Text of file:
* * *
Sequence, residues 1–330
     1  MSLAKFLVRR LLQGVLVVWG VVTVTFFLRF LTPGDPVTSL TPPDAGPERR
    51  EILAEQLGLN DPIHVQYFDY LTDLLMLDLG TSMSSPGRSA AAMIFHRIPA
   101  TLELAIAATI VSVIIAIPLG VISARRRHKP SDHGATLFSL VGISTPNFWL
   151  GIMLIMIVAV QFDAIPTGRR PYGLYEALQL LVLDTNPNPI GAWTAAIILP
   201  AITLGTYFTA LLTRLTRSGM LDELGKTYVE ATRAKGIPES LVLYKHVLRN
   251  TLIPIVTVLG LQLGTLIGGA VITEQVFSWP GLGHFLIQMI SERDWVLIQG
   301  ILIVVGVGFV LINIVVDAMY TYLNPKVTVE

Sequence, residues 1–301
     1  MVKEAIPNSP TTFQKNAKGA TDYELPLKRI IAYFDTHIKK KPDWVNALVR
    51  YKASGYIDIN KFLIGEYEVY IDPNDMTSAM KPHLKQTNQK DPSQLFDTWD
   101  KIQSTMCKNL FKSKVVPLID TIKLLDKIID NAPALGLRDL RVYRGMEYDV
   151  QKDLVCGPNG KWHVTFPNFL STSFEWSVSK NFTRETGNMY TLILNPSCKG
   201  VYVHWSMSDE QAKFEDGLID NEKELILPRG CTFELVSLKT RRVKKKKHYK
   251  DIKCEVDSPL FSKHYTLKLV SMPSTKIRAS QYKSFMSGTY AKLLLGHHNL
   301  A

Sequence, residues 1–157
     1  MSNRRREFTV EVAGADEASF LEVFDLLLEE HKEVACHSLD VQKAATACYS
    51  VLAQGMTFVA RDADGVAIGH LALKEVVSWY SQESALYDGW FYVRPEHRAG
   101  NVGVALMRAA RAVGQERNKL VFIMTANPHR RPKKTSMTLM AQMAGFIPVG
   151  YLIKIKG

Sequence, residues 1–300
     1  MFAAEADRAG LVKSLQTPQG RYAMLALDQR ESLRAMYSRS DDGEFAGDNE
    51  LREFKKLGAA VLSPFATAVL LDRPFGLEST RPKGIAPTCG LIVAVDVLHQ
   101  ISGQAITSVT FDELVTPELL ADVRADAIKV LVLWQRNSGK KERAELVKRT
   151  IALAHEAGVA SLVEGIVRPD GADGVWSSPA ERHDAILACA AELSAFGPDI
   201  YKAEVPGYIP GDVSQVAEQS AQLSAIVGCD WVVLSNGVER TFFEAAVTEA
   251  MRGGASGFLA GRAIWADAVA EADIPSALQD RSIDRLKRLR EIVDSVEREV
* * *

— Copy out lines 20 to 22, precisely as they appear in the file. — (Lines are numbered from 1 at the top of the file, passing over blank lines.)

   101  NVGVALMRAA RAVGQERNKL VFIMTANPHR RPKKTSMTLM AQMAGFIPVG
   151  YLIKIKG

Sequence, residues 1–300